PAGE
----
Full Text Available Pollen tube growth is central to the sexual reproduction of plants and is a longstanding model for cellular tip growth. For rapid tip growth, cell wall deposition and hardening must balance the rate of osmotic water uptake, and this involves the control of turgor pressure. Pressure contributes directly to both the driving force for water entry and tip expansion causing thinning of wall material. Understanding tip growth requires an analysis of the coordination of these processes and their regulation. Here we develop a quantitative physiological model which includes water entry by osmosis, the incorporation of cell wall material and the spreading of that material as a film at the tip. Parameters of the model have been determined from the literature and from measurements, by light, confocal and electron microscopy, together with results from experiments made on dye entry and plasmolysis in Lilium longiflorum. The model yields values of variables such as osmotic and turgor pressure, growth rates and wall thickness. The model and its predictive capacity were tested by comparing programmed simulations with experimental observations following perturbations of the growth medium. The model explains the role of turgor pressure and its observed constancy during oscillations; the stability of wall thickness under different conditions, without which the cell would burst; and some surprising properties such as the need for restricting osmotic permeability to a constant area near the tip, which was experimentally confirmed. To achieve both constancy of pressure and wall thickness under the range of conditions observed in steady-state growth the model reveals the need for a sensor that detects the driving potential for water entry and controls the deposition rate of wall material at the tip.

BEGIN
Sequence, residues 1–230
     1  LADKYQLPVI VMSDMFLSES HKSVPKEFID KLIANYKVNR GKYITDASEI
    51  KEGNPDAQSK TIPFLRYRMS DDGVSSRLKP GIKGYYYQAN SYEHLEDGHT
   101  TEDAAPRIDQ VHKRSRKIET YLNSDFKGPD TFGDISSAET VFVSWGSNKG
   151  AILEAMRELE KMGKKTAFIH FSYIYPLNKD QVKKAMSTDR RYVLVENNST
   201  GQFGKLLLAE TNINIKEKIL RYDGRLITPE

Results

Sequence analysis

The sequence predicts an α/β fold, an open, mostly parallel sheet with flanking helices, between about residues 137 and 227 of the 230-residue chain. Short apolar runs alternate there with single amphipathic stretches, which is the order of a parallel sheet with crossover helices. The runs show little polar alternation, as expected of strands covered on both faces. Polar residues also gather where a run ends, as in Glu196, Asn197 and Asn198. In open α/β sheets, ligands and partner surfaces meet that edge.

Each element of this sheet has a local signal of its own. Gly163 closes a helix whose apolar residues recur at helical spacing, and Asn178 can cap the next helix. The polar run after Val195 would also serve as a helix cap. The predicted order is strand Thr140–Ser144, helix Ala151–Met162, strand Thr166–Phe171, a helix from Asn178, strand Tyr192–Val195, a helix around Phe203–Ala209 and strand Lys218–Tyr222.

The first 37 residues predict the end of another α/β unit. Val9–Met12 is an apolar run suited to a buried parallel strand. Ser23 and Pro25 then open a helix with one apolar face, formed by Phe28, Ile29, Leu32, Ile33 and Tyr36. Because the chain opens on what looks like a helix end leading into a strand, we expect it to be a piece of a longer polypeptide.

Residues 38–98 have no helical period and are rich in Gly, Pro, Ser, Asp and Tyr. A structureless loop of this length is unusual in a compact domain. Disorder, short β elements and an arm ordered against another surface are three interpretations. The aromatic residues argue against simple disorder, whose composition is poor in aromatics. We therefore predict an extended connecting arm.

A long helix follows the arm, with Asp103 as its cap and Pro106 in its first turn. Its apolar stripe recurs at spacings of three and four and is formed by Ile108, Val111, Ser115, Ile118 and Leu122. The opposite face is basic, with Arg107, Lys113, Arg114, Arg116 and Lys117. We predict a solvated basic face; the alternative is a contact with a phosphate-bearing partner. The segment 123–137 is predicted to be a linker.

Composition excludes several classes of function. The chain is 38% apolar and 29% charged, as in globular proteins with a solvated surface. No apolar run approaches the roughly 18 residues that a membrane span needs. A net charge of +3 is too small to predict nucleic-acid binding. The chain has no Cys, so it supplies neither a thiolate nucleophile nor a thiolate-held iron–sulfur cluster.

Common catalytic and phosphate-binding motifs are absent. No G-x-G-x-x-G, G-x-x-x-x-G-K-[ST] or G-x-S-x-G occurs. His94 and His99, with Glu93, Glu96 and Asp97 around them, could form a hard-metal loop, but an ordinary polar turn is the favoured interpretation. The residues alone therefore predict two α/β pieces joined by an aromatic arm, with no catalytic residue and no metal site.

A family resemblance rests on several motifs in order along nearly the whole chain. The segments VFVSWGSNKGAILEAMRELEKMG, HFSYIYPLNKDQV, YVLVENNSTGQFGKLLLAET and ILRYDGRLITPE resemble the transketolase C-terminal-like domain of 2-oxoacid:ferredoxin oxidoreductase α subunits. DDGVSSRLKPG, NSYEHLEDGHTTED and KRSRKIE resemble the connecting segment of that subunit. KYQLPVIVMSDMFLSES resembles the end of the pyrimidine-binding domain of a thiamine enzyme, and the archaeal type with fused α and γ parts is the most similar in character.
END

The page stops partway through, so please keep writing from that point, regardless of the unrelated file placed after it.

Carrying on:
4. Meat tenderization by proteolytic enzymes after osmotic dehydration.

    Science.gov (United States)

    Gerelt, B; Ikeuchi, Y; Suzuki, A

    2000-11-01

    The treatment of proteolytic enzymes is one of the popular methods for meat tenderization. In this case, it is very important how to introduce the enzymes into the meat cut. This paper describes meat tenderization by dipping the meat cut in a solution containing proteolytic enzymes after contact-osmotic dehydration. After the dehydration of each piece of meat from culled cow for 18 h by contact-dehydration sheet, each sample was dipped for 3 h in a solution containing papain or proteinases from Aspergillus traditionally used for soysauce production in Japan. It was stored at 3∼4°C for 24, 48 and 168 h, and subjected to texture measurement, sensory evaluations, biochemical analysis and histological observations. The penetration efficiency of the enzyme solution (of around 80%) after the contact-osmotic dehydration seemed to be sufficient. A marked decrease in hardness by texture measurements was observed in the meats treated with proteolytic enzymes and higher sensory scores for tenderness were observed in the meats treated with enzymes as compared with the untreated meat. The papain-treated meat received the highest score in tenderness, but the scores given to juiciness and taste were lower than that of the control. The rapid increases of the fragmentation of myofibrils from the enzyme-treated meat were observed at first 24 h of storage as compared with that of the control. Remarkable degradation of myosin molecule in the myofibrils from the enzyme-treated meats was observed on SDS-PAGE profiles. Considerable degradation of myofibrilar structure especially due to proteolytic removal of Z-lines, was observed among the myofibrils from enzyme-treated meats by electronmicroscopy. The remarkable deformation and disruption of honeycomb-like structure of endomysium were also observed in the meats treated with enzymes. From these results, it was shown that treatment after osmotic dehydration, was effective in tenderizing. PMID:22062083